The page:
The struggle is a microcosm of change in Burma, whose military dictatorship handed power to a civilian government in 2011 after elections the previous year. What happens when the world opens up to you? For Burma’s movie industry, one of the answers was this: It got harder to earn a living being evil.
“The market is in trouble,” says A Yaing Min, a former boxer who turned to on-screen villainy in the early 1980s and became a fixture in such Burmese staples as “The Bad Guy with a Pure Heart.”
“In other countries,” he says, “villains don’t have to walk the streets to get their jobs.”
Each morning, the bad guys of Rangoon and their brethren—all members of Ko Lu Chaw, or “Handsome Guy Group,” effectively a trade union for cinematic villains—arrive at dawn. They take up position at outdoor breakfast stalls along 35th and 36th streets, order coffee or tea, and hope for work.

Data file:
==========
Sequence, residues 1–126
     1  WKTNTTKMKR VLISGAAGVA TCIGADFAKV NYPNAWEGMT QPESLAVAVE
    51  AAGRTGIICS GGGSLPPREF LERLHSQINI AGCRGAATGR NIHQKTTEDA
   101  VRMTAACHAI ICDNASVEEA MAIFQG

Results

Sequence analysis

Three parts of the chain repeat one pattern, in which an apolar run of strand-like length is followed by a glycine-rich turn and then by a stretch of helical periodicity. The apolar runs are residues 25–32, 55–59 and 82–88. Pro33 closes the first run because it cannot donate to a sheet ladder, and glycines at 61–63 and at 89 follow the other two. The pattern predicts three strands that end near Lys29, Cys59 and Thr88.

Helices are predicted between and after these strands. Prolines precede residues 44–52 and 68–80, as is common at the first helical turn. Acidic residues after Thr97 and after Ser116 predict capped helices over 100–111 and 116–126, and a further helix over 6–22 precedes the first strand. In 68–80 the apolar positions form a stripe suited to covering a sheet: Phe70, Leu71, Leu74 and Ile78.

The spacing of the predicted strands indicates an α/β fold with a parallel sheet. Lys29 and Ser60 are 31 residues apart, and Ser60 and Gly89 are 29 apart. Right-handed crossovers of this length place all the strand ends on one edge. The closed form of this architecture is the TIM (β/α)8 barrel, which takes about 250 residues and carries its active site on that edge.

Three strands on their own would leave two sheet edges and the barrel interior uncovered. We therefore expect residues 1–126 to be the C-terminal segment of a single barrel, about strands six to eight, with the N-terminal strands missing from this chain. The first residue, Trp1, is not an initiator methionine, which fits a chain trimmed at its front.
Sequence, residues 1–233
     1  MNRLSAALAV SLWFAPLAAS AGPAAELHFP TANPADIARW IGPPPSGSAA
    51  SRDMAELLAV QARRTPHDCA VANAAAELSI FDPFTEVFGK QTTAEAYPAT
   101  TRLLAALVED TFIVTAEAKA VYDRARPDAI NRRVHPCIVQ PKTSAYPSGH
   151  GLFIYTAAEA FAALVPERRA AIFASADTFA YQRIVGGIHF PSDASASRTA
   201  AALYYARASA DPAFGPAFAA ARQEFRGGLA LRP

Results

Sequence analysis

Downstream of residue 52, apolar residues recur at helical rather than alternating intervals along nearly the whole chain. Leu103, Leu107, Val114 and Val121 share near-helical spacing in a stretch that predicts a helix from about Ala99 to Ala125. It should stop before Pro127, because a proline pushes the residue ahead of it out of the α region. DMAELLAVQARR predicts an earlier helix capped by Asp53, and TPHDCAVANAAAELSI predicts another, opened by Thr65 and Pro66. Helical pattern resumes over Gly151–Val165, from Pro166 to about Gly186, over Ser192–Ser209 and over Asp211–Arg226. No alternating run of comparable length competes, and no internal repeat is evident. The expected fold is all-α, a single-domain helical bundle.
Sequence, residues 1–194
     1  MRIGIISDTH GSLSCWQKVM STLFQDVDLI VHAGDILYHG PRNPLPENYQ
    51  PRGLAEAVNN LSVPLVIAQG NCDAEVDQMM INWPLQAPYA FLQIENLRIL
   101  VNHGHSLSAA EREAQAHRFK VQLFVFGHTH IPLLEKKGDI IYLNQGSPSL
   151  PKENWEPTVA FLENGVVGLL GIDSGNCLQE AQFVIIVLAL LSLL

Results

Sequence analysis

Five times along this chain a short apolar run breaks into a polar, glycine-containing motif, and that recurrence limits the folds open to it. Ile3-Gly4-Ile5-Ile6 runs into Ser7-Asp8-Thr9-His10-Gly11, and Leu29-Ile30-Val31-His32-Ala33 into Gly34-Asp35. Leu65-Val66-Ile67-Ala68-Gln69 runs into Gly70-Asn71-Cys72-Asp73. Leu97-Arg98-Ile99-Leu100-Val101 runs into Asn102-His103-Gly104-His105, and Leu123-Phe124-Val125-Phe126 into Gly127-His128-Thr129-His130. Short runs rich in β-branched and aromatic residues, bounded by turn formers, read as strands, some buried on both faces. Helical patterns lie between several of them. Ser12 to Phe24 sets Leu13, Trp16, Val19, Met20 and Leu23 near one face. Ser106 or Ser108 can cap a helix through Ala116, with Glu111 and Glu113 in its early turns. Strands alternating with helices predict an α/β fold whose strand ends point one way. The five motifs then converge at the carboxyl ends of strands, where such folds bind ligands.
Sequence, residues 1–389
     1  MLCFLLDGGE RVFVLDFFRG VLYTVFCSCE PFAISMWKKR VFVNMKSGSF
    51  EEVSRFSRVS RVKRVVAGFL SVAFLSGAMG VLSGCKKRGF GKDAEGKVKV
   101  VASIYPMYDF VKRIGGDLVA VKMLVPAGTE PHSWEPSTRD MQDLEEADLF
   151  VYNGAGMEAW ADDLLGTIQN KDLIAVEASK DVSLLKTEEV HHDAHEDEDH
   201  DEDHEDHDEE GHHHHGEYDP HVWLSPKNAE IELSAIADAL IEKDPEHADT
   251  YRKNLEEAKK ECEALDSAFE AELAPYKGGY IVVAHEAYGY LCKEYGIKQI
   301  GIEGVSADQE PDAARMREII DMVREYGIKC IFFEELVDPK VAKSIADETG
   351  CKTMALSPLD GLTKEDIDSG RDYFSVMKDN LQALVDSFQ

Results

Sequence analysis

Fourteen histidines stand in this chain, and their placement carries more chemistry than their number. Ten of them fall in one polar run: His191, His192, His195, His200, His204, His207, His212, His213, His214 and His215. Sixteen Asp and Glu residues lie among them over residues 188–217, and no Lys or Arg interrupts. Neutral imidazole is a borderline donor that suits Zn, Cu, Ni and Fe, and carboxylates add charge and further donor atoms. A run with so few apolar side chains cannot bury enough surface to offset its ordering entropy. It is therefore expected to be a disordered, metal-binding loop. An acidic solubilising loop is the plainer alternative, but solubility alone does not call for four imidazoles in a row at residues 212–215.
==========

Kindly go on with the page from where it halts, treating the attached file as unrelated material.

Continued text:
It comes more rarely every day. When it does, it is hardly lucrative—a day or two on bottom-budget videos, a few dollars here and there, perhaps not even practicing the villainy that has been their bread and butter for so long.
Several things made this happen. The government privatized the state-controlled film industry in 2010. Decaying theaters, unable to afford new digital systems to project DVDs, began to close; today, many sit crumbling on street corners. Films were supplanted by a sausage-grinder glut of cheap home videos made in mere days, even hours.
The masses began turning away from overwrought Burmese action movies, electing—in, finally, times of tentative hope—to favor romance, comedy and supernatural horror. And, of course, the arrival of movies from India, South Korea and Thailand, plus visually arresting Hollywood epics like “The Amazing Spider-Man” and “Wolverine,” pointed up the lack of production values in the homegrown, B-movie culture.